Last Updated on
There are quite a few ways to generate a random number. Direct from the Google address bar; in spreadsheets; using dedicated websites; even on an Echo. Here, we’ll concentrate on how to do it if you’re sitting on a laptop or using a phone.
How to generate a random number direct from Google or Chrome
This one is simple. Type “random number 1 500” directly into the Google Chrome search bar (or the search box on google.com) and it will pick a random integer between 1 and 500.
It’s quite flexible with the phrasing too. You can say “random number 1 and 500” or “random number between 1 and 500” and still get the results.
If you all you want to do is flip a virtual coin or roll an imaginary dice, Google still has you covered. “Flip a coin” and “Roll a dice” will both work. And yes, pedants, “roll a die” works too.
How to generate a random number in Excel or any reputable spreadsheet
Excel has two different ways to produce random numbers. The first function is =RAND(), which will generate a number between 0 and 1.
The more user-friendly version is =RANDBETWEEN, which generates an integer between the two numbers you set. So, =RANDBETWEEN(1,500) will generate a number between 1 and 500 inclusive.
How to generate a random number on a phone
Google’s shortcuts still work on mobile phones, but there are also dozens of apps available on the App Store and Google Play.
Random Number Generator Plus (aka RNG Plus) is a popular choice, in part because it does more than the basics.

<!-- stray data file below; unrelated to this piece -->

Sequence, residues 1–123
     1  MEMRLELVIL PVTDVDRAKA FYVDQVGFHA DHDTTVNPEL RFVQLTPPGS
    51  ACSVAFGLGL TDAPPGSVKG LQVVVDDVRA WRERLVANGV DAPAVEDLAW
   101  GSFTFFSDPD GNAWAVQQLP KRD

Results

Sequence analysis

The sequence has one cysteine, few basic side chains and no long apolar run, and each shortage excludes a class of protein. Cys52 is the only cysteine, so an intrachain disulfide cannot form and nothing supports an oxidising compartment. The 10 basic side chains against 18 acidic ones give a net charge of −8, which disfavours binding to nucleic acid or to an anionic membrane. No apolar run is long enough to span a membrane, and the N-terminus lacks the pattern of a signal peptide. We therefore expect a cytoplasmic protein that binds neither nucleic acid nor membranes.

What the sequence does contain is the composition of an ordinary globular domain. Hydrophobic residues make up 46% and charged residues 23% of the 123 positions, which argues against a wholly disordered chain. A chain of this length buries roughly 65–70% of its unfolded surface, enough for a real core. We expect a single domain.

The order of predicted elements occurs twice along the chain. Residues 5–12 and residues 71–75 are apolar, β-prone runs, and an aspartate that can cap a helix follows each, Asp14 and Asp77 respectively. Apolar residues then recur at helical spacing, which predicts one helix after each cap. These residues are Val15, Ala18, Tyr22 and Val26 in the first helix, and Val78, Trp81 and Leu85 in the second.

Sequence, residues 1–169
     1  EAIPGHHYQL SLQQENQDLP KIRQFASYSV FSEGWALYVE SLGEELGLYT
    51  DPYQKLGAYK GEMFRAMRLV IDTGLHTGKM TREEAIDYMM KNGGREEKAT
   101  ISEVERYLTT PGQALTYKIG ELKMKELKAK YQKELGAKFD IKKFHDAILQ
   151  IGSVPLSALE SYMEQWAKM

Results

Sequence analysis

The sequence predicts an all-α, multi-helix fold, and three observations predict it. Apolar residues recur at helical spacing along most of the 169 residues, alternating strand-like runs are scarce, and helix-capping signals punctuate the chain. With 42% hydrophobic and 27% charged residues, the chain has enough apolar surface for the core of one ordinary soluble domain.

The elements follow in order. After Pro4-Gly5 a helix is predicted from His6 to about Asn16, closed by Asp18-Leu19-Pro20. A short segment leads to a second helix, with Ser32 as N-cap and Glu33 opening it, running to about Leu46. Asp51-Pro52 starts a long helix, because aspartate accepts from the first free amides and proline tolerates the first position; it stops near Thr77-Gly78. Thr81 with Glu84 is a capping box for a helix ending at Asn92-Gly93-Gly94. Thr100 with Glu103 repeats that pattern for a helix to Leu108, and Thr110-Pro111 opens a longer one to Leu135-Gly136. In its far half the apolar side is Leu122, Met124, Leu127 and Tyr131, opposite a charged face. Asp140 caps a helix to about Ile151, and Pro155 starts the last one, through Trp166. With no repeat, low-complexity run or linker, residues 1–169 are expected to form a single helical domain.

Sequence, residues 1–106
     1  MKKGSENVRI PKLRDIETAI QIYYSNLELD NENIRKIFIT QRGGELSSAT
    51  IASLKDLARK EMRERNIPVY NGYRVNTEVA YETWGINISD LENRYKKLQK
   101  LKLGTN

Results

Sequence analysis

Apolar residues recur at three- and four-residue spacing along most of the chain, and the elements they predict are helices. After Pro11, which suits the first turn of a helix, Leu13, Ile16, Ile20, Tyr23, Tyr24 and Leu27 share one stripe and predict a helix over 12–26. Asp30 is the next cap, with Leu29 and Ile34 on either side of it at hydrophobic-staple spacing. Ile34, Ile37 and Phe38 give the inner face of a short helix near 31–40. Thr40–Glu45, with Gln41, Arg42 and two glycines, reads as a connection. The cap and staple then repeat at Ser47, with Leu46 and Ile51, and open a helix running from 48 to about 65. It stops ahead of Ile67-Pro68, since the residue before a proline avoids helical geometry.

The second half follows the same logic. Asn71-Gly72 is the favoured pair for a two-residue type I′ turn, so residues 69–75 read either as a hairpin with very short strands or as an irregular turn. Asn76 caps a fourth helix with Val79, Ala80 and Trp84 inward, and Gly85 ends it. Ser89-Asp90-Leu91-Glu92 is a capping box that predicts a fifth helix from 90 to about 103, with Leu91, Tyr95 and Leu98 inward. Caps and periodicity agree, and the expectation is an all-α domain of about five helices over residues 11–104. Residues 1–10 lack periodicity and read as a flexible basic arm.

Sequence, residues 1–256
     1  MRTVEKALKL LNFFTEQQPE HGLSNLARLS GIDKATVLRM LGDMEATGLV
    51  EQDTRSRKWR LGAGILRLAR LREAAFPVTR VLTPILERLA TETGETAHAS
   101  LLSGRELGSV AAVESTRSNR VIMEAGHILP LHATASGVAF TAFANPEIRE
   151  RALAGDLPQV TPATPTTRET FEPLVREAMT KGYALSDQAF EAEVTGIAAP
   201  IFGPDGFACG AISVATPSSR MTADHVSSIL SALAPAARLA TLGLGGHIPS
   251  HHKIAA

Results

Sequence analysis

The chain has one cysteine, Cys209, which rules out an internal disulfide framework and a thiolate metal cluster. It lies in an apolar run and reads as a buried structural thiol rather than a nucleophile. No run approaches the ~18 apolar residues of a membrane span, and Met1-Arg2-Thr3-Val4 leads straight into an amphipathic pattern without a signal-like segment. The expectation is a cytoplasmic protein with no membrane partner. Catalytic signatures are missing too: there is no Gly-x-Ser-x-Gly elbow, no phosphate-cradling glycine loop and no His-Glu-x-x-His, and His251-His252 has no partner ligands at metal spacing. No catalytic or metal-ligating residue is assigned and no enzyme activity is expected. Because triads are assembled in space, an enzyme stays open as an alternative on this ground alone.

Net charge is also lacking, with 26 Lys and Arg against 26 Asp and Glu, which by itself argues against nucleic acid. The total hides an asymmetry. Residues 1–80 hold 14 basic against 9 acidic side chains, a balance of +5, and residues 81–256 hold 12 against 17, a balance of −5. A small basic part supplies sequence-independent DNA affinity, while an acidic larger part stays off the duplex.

For example, it can generate several different random numbers at once, and add them up. You can also exclude certain numbers.
Pro-level dice throwers will be pleased to know that, unlike Google, you can also roll up to four dice at once.
How to generate truly random numbers
One issue with all these random number generators is that they’re psuedo-random. “This is fine for many purposes,” writes random.org, “but it may not be random in the way you expect if you’re used to dice rolls and lottery drawings.”
Random.org claims to solve this by offering “true randomness” via atmospheric noise, rather than algorithms running on a computer. It was built by the excellently named Dr Mads Haahr of Trinity College, Dublin.
There’s a simple random number generator at the top of random.org’s homepage, but dig into the other offerings for games and random draws. In particular, you might appreciate the comprehensive lottery draw page.
In case you’re wondering why this question occurred to me, it’s because over the past two months we’ve given away prizes to random followers of The Big Tech Question on Twitter. I needed a way to pick a winner.
If you want a chance to win in the future, make sure you follow our Twitter feed, where we also produce quick tips that don’t need a full article.
READ THIS NEXT: What do the numbers mean on Intel processors?